Resistant Starch

 

Resistant starch is a form of starch that cannot be digested in the small bowel. As a result it is a type of fibre. It is found naturally in some foods such as bananas, potatoes, grains, and legumes and is also produced or modified commercially and incorporated into some food products.

 

Human studies have demonstrated that including foods rich in resistant starch within a meal is useful for controlling blood glucose and there is some evidence that it might help us to feel more full after meals, which could mean we snack less. There is also a lot of interest in potential benefits for gut health.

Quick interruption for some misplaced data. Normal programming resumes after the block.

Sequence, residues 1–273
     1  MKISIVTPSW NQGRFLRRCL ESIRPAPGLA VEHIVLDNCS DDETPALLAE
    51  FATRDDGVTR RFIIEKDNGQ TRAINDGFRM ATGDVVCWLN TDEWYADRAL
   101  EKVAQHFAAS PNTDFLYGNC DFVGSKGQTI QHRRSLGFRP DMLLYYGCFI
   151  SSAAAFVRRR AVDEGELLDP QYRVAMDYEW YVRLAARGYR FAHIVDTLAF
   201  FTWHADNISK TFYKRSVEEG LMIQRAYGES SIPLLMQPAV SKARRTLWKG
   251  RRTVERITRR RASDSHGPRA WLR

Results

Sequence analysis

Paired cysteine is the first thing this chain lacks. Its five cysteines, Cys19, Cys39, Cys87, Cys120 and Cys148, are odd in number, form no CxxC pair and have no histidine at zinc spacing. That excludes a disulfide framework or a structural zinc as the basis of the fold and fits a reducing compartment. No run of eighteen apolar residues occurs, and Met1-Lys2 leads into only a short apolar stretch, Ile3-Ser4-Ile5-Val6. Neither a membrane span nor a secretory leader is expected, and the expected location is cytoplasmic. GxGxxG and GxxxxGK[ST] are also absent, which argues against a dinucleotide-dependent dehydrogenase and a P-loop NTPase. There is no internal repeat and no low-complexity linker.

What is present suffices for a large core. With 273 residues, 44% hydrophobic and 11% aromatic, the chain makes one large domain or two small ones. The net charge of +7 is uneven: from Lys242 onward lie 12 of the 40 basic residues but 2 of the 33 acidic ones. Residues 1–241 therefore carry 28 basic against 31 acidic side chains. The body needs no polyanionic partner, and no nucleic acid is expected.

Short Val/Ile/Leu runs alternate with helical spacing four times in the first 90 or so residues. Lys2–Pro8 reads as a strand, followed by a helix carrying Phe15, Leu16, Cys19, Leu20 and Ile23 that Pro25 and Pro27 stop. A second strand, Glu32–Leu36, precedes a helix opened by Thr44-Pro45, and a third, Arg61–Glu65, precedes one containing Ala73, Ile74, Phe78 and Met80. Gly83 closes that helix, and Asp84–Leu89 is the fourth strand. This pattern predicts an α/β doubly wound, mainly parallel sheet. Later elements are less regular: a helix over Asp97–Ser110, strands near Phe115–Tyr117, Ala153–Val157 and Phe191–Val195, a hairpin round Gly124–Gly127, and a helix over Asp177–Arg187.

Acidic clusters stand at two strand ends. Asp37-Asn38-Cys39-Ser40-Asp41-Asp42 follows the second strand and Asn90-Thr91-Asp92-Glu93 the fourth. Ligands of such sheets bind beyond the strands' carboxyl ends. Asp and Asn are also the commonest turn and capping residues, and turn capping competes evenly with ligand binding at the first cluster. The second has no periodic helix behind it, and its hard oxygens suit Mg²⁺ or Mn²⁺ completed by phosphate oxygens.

Here are some meal ideas to help you get more resistant starch into your diet:

 

  • Banana sandwich made with wholemeal bread

  • Jacket potato with baked beans

  • Mixed bean salad made with cous cous, brown rice, wholewheat pasta or cold potatoes in their skins and plenty of salad vegetables

  • Lentil or chickpea curry served with brown rice and plenty of vegetables

  • Vegetable chilli with kidney beans and sweetcorn

  • Snack on low fat hummus with vegetable sticks

 

 

 

For more detailed information about resistant starch click here.

For more information on the sources used in this text, please contact  postbox@nutrition.org.uk

Last reviewed June 2014. Revised January 2017. Next review due June 2017.